Best Famous Hot Hand Poems

Here is a collection of the all-time best famous Hot Hand poems. This is a select list of the best famous Hot Hand poetry. Reading, writing, and enjoying famous Hot Hand poetry (as well as classical and contemporary poems) is a great past time. These top poems are the best examples of hot hand poems.

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Written by Walt Whitman | Create an image from this poem

Spontaneous Me

 SPONTANEOUS me, Nature, 
The loving day, the mounting sun, the friend I am happy with, 
The arm of my friend hanging idly over my shoulder, 
The hill-side whiten’d with blossoms of the mountain ash, 
The same, late in autumn—the hues of red, yellow, drab, purple, and light and dark
 green,
The rich coverlid of the grass—animals and birds—the private untrimm’d
 bank—the primitive apples—the pebble-stones, 
Beautiful dripping fragments—the negligent list of one after another, as I happen to
 call them to me, or think of them, 
The real poems, (what we call poems being merely pictures,) 
The poems of the privacy of the night, and of men like me, 
This poem, drooping shy and unseen, that I always carry, and that all men carry,
(Know, once for all, avow’d on purpose, wherever are men like me, are our lusty,
 lurking, masculine poems;) 
Love-thoughts, love-juice, love-odor, love-yielding, love-climbers, and the climbing sap, 
Arms and hands of love—lips of love—phallic thumb of love—breasts of
 love—bellies press’d and glued together with love, 
Earth of chaste love—life that is only life after love, 
The body of my love—the body of the woman I love—the body of the man—the
 body of the earth,
Soft forenoon airs that blow from the south-west, 
The hairy wild-bee that murmurs and hankers up and down—that gripes the full-grown
 lady-flower, curves upon her with amorous firm legs, takes his will of her, and holds
 himself tremulous and tight till he is satisfied, 
The wet of woods through the early hours, 
Two sleepers at night lying close together as they sleep, one with an arm slanting down
 across and below the waist of the other, 
The smell of apples, aromas from crush’d sage-plant, mint, birch-bark,
The boy’s longings, the glow and pressure as he confides to me what he was dreaming, 
The dead leaf whirling its spiral whirl, and falling still and content to the ground, 
The no-form’d stings that sights, people, objects, sting me with, 
The hubb’d sting of myself, stinging me as much as it ever can any one, 
The sensitive, orbic, underlapp’d brothers, that only privileged feelers may be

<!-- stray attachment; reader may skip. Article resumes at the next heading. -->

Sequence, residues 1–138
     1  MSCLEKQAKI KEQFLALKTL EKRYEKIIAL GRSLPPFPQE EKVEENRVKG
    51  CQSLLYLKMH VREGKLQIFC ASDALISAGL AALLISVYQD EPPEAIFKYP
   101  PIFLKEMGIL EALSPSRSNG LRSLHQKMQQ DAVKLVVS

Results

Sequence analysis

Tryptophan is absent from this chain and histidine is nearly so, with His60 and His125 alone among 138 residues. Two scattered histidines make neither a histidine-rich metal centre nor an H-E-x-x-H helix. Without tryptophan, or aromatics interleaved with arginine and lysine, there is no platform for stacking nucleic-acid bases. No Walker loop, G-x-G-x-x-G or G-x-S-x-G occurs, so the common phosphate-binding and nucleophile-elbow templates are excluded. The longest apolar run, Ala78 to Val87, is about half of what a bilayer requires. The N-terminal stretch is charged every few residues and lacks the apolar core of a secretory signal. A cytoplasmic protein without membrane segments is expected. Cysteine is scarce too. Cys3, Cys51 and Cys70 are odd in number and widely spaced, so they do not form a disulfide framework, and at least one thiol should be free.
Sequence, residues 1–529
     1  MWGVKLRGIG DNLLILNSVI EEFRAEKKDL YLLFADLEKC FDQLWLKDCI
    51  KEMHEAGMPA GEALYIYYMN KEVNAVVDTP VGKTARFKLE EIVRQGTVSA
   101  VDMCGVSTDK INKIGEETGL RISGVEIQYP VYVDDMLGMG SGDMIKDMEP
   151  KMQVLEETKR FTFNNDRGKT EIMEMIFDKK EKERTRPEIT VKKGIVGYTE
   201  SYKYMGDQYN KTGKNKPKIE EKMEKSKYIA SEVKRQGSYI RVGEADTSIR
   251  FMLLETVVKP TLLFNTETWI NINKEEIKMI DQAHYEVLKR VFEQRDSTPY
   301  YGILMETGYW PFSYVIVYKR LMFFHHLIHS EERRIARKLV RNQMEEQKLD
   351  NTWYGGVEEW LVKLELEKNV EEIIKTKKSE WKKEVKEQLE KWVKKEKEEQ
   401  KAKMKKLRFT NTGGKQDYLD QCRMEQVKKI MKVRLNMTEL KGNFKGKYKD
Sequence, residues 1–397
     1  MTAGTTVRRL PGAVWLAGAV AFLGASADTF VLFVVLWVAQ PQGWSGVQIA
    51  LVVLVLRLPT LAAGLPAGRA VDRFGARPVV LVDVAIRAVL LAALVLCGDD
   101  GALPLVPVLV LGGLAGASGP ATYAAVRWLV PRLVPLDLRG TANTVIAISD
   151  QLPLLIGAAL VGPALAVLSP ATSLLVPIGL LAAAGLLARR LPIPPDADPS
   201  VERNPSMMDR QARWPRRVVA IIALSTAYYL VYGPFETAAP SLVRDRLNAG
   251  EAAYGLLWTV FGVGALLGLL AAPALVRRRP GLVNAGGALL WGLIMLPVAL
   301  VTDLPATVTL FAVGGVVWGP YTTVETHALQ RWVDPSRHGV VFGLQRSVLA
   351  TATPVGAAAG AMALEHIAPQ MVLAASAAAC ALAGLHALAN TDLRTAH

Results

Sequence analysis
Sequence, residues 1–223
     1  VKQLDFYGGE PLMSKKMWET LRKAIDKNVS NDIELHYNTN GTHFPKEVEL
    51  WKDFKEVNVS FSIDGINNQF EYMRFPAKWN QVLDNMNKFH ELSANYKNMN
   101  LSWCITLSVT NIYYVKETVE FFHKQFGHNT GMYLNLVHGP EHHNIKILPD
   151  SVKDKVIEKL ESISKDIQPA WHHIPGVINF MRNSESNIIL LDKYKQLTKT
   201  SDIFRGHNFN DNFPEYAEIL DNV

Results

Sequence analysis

intimate where they are,
The curious roamer, the hand, roaming all over the body—the bashful withdrawing of
 flesh where the fingers soothingly pause and edge themselves, 
The limpid liquid within the young man, 
The vexed corrosion, so pensive and so painful, 
The torment—the irritable tide that will not be at rest, 
The like of the same I feel—the like of the same in others,
The young man that flushes and flushes, and the young woman that flushes and flushes, 
The young man that wakes, deep at night, the hot hand seeking to repress what would master
 him; 
The mystic amorous night—the strange half-welcome pangs, visions, sweats, 
The pulse pounding through palms and trembling encircling fingers—the young man all
 color’d, red, ashamed, angry; 
The souse upon me of my lover the sea, as I lie willing and naked,
The merriment of the twin-babes that crawl over the grass in the sun, the mother never
 turning her vigilant eyes from them, 
The walnut-trunk, the walnut-husks, and the ripening or ripen’d long-round walnuts; 
The continence of vegetables, birds, animals, 
The consequent meanness of me should I skulk or find myself indecent, while birds and
 animals never once skulk or find themselves indecent; 
The great chastity of paternity, to match the great chastity of maternity,
The oath of procreation I have sworn—my Adamic and fresh daughters, 
The greed that eats me day and night with hungry gnaw, till I saturate what shall produce
 boys to fill my place when I am through, 
The wholesome relief, repose, content; 
And this bunch, pluck’d at random from myself; 
It has done its work—I tossed it carelessly to fall where it may.
Written by Robert Graves | Create an image from this poem

The Poet in the Nursery

 The youngest poet down the shelves was fumbling 
In a dim library, just behind the chair 
From which the ancient poet was mum-mumbling 
A song about some Lovers at a Fair, 
Pulling his long white beard and gently grumbling
That rhymes were beastly things and never there.
And as I groped, the whole time I was thinking About the tragic poem I’d been writing,.
.
.
An old man’s life of beer and whisky drinking, His years of kidnapping and wicked fighting; And how at last, into a fever sinking, Remorsefully he died, his bedclothes biting.
But suddenly I saw the bright green cover Of a thin pretty book right down below; I snatched it up and turned the pages over, To find it full of poetry, and so Put it down my neck with quick hands like a lover, And turned to watch if the old man saw it go.
The book was full of funny muddling mazes, Each rounded off into a lovely song, And most extraordinary and monstrous phrases Knotted with rhymes like a slave-driver’s thong.
And metre twisting like a chain of daisies With great big splendid words a sentence long.
I took the book to bed with me and gloated, Learning the lines that seemed to sound most grand; So soon the pretty emerald green was coated With jam and greasy marks from my hot hand, While round the nursery for long months there floated Wonderful words no one could understand.